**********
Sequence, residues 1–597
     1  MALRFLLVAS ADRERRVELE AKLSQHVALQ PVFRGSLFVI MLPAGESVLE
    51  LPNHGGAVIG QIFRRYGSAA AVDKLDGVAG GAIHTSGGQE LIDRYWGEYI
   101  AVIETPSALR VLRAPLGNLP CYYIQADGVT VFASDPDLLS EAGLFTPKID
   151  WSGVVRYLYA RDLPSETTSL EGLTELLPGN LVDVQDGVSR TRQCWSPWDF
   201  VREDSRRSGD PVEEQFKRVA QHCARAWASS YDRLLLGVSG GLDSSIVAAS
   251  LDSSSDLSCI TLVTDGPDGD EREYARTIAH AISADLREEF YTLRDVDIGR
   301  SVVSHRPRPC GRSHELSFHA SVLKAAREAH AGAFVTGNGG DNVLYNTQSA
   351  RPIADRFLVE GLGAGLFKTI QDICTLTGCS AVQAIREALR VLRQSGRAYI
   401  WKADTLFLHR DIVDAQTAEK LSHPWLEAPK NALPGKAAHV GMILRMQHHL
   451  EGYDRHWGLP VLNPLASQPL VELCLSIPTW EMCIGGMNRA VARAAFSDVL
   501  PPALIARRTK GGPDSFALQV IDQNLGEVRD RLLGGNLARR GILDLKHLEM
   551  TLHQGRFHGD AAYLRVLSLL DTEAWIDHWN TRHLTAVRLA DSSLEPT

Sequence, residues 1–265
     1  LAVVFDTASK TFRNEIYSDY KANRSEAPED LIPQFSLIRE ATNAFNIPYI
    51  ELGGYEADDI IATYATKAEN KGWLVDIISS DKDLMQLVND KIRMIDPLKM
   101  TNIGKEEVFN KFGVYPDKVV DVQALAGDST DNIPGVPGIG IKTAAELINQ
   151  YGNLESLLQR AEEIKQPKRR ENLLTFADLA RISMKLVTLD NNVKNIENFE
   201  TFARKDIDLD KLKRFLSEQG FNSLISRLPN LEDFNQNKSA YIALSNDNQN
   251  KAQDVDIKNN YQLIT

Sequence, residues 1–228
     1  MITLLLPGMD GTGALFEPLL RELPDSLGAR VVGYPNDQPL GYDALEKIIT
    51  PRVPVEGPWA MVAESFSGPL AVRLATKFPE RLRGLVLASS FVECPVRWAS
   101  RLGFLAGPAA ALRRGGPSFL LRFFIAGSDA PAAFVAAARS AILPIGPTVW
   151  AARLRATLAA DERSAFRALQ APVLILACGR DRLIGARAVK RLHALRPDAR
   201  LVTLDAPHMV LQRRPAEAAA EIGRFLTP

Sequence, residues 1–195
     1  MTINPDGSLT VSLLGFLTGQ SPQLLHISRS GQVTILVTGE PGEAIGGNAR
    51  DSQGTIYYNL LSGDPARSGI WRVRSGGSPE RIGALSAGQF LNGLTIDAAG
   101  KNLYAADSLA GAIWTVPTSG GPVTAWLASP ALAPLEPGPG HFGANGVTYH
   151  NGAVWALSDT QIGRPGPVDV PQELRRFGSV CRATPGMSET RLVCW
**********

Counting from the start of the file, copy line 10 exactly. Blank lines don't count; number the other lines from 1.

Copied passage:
   401  WKADTLFLHR DIVDAQTAEK LSHPWLEAPK NALPGKAAHV GMILRMQHHL